Tuesday, May 6, 2014

Sylvan Esso - Sylvan Esso (2014)

Nothing could have possibly prepared me for the glittering electro pop of North Carolina duo Sylvan Esso. On paper, the duo's very existence seemed well, like the most unlikely origin story: Amelia Randall Meath of Mountain Man teams up with Nicholas Sanborn, former Megafaun backing member for electronic fun times. Two talented folk musicians tackle a genre known for being inorganic. And yet that should've been the first hint that Sylvan Esso were up to something new; something wildly different. Sure, Sanborn's been making beats and the like under the moniker of Made of Oak for years. Sure, Meath's delivery on "Play It Right" is far more electric than its former harmony-laden confines. But those aren't the points anyone's making when explaining who/what Sylvan Esso is and to their benefit, they don't really need to be made.

On their self-titled debut, Sylvan Esso assert their existence in probably the best way possible - by the mere virtue of their existence. The voice of the duo (with the exception of the rare assisted backing vocal), Amelia Randall Meath's bound to get the majority of the praise (all well deserved) but it's clear that the work is definitely that of the innovative twosome. Nicholas Sanborn is trusted not only to man the samples but also to control Meath's vocals - to stack the layers on top of each other, affect and manipulate them. It's a hell of a lot of trust to give and one that Sanborn doesn't fail to earn. It's a relationship of effortless give and take; Sanborn's carefully constructed scaffolding provide the perfect home for Meath's vocals to coo, croon, and ultimately soar. At no point does it ever appear that either are doing the heavy lifting - Sylvan Esso is very much an equal venture, Sanborn and Meath's roles a delightful commingling of talents.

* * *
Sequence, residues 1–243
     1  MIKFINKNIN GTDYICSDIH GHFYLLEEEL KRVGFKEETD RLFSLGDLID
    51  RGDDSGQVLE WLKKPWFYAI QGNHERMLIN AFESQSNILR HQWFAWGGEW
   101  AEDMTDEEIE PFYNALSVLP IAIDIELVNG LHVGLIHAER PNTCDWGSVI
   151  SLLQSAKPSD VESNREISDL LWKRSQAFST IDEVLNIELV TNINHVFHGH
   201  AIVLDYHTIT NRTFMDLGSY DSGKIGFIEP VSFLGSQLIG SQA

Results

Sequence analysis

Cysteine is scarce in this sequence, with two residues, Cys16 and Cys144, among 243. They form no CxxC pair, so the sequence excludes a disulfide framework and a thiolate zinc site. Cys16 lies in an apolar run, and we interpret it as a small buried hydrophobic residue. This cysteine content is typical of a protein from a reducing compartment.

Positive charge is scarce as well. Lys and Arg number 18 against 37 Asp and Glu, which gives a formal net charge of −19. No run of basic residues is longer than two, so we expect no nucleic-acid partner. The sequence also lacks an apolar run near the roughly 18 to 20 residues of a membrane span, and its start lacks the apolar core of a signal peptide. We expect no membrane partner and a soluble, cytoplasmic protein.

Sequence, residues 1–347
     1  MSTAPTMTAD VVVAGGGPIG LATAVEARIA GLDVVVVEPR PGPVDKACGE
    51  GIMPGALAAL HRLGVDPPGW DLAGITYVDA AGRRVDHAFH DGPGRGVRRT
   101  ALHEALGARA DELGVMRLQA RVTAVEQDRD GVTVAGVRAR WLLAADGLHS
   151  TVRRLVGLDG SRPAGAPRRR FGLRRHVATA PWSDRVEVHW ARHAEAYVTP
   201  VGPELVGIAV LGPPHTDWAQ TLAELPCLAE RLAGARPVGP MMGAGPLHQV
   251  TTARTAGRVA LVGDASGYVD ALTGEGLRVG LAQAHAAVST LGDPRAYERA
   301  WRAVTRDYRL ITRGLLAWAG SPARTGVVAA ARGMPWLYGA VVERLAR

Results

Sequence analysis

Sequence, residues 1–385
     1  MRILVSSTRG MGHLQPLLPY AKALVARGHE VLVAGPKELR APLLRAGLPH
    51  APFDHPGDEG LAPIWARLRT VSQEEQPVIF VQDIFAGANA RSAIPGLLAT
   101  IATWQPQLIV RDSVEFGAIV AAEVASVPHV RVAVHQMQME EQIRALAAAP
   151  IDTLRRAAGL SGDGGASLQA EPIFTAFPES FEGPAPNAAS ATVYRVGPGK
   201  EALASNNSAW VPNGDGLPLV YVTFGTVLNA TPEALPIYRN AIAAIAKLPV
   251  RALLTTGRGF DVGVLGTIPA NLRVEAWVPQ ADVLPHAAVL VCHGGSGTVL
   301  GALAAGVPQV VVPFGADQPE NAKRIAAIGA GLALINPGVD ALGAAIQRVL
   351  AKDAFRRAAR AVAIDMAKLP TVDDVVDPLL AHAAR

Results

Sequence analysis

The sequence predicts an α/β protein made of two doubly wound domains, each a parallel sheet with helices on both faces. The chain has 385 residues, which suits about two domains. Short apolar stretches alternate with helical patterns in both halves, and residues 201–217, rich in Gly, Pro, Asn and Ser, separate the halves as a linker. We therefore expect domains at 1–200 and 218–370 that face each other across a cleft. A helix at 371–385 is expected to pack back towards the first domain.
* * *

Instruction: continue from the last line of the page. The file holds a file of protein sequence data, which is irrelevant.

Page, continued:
Sylvan Esso is impressive not only for it's sense of articulateness; of defining just exactly the band but also doing it so strongly. It's sort of a given that there's going to be a favorite or two among the selection of tracks and yet, the duo make the choice a hard one. Each song is a contender and they all seek to instill and motivate their obvious love of dance in them. The only exception is apt album ender "Come Down" which not only serves to remind us that every party - even the great ones must sometimes come to an end, but is perhaps the most stark and free of the album's ten tracks. It's the one that's more in line with the idea of two folkies playing around with electronics and even then manages to subvert it. It's oddly fitting that Sylvan Esso opt to end their collection of dancefloor decimators with a light and beautiful outro. One where the true dynamic is likely to misread - as Sanborn subtly makes way for Meath's shimmering glide. After an album of a riveting interplay between them, the duo know each other's strengths and aren't afraid to deploy them.

Sylvan Esso's debut self-titled full length is out May 13th on Partisan Records. You can stream it via NPR's First Listen here.

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